The sump basin, the hole in which the pump is set, plays a crucial role in the overall dewatering system. A properly sized pump and sump are crucial for best performance of your system. The basin should be large enough to meet Code requirements and be large enough to accommodate the volume to accommodate the pump capacity plus a reserve. Water level in the sump basin should never be allowed to raise higher than the bottom of the inlet pipe. An 18in diameter (smaller area than the new code requires) sump basin holds 1 gallon of water per inch. The typical stroke or draw down of a pump cycle is only 5-7 inches. This means that your only pumping a maximum of 7 gallons of water per cycle. This means your pump will frequently cycle on and off. Increasing the sump basin diameter to 24in (exceeds code requirements) doubles the volume of water per inch, thus, cutting the number of pump cycles in half, extending the life of your pump. Not to mention that it will be less noticeable.

I have seen many contractors and homeowners alike beat a hole in the basement floor, dig a small hole and throw a pump in the hole. I have also seen countless pumps installed in 5 gallon pails and milk crates in these sub-floor holes. You don’t want to do (or allow a contractor either) to do either because:

  1. They don’t meet the requirements outlined in the National Building Code of Canada 2010 Volume 2 Division B Paragraph 9.14.5.2.

  2. They can and will allow large diameter solids to enter the sump. These solids are usually rocks and can easily jam the pump.

  3. There is no practical way to provide them with a sealed, secured lid to meet Code requirements.

  4. They are small and will allow your pump to cycle on and off frequently.

Sump basins should be rigid enough to prohibit the side walls from caving in due to lateral soil pressure. The sides of sump basins should be perforated to allow water ingress and prevent the basin from floating. Keep in mind the diameter of the perforations need to be smaller than the diameter of the largest solids the pump is rated to evacuate! And of course, the lid needs to be sealed and either bolted or screwed on to prevent children from opening it. This also helps to keep debris and other foreign matter out of the basin.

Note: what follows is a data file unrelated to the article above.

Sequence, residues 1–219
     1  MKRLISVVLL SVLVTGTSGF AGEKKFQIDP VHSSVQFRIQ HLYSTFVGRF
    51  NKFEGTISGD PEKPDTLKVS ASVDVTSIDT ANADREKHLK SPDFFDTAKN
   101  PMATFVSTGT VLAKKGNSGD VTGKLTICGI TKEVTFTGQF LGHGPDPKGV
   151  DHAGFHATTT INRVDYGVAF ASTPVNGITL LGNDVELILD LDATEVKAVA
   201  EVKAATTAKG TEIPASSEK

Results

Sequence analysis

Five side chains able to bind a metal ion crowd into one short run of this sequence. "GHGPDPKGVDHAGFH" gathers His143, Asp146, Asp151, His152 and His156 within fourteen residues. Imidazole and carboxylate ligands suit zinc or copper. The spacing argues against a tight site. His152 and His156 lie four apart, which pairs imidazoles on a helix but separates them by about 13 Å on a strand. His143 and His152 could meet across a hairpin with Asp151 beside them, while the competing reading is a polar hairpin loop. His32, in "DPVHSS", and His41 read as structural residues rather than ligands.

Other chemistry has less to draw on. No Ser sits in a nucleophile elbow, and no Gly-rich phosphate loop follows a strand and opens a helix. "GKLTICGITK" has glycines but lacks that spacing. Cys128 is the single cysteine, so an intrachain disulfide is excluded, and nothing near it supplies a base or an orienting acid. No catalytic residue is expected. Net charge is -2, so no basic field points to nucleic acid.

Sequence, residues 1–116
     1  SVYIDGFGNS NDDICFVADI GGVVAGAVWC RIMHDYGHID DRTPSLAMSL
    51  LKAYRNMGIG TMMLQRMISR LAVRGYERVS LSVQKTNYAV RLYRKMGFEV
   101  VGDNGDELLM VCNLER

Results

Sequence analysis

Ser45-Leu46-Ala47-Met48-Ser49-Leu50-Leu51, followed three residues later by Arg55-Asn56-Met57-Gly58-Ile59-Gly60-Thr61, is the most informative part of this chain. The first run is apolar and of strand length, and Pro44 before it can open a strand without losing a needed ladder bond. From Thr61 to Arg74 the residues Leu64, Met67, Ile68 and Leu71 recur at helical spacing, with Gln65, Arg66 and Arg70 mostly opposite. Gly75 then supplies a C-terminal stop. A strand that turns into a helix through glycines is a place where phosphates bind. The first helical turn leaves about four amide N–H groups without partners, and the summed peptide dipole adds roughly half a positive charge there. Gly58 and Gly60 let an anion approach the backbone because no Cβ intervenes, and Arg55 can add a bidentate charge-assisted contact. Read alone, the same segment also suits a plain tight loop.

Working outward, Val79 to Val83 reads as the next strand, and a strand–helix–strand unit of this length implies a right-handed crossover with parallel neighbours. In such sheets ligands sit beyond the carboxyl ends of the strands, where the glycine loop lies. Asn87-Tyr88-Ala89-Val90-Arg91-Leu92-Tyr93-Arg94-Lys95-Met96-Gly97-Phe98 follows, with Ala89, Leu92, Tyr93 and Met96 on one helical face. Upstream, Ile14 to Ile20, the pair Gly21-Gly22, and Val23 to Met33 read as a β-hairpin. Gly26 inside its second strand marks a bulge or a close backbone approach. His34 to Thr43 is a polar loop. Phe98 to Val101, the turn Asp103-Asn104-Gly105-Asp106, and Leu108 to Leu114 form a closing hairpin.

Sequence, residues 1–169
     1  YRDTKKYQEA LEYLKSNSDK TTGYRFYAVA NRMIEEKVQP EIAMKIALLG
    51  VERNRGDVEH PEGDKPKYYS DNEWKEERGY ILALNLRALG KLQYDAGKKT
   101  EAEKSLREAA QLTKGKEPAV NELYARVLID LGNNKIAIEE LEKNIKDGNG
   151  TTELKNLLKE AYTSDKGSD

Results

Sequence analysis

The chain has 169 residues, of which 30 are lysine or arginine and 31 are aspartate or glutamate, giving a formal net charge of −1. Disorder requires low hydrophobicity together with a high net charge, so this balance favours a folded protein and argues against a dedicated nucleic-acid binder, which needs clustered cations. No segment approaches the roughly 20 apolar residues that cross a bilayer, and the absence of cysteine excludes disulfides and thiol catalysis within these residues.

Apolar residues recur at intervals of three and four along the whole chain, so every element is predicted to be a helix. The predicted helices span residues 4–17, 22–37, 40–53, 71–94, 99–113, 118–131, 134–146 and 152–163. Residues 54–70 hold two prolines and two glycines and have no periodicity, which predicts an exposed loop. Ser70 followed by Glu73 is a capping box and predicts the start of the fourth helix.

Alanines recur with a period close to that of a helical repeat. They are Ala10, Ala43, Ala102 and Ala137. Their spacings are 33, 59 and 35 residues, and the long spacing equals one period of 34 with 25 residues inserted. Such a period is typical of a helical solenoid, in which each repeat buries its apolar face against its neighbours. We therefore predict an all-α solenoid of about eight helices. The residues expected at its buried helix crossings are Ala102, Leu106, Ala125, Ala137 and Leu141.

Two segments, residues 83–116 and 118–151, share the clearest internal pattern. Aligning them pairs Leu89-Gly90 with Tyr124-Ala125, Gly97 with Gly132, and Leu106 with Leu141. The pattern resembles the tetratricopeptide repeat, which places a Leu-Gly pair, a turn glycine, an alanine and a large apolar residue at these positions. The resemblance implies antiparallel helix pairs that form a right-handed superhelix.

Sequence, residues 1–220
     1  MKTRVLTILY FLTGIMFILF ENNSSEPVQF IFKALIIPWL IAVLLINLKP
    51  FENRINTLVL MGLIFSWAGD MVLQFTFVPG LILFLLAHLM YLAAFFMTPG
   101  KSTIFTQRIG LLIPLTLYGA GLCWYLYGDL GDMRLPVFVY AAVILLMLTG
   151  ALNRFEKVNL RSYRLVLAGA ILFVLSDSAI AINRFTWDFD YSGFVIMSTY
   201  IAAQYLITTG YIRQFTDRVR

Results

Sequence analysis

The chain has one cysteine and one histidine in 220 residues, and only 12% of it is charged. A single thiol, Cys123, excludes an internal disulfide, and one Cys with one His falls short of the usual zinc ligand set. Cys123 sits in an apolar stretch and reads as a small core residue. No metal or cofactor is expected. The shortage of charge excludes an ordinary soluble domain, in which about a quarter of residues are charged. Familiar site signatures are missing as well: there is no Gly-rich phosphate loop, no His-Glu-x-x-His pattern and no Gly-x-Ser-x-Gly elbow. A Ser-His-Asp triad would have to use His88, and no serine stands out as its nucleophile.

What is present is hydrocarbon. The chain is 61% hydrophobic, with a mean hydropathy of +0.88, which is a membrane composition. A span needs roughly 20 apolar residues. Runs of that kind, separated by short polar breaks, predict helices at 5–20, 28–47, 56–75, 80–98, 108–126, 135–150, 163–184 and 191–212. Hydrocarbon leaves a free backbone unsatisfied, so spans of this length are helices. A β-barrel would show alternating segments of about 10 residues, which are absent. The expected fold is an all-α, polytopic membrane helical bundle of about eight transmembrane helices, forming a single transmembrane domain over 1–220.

The pump switch is responsible for automatically turning the pump on and off. There are many different types of switches available for sump pumps from mechanical float switches to tethered switches to diaphragm switches and electronic switches. Regardless of how they do the task, they all serve the same purpose; when the water level raises to a pre-determined level, the pump turns on; and, when the water level falls, turn the pump off. The pump should have a switch that is adjusted to allow the pump to evacuate at least 45-60 litres (12-15 gallons) of water at a time (providing an adequately sized basin) in order to minimize cycling and premature wear caused by a high cycle frequency.

The vertical or mechanical float switch is a float attached to a pole. The float travels vertically  inside the sump pit, restricted to basic up and down movements, and when it moves, it triggers the necessary action for engaging or disengaging the pump.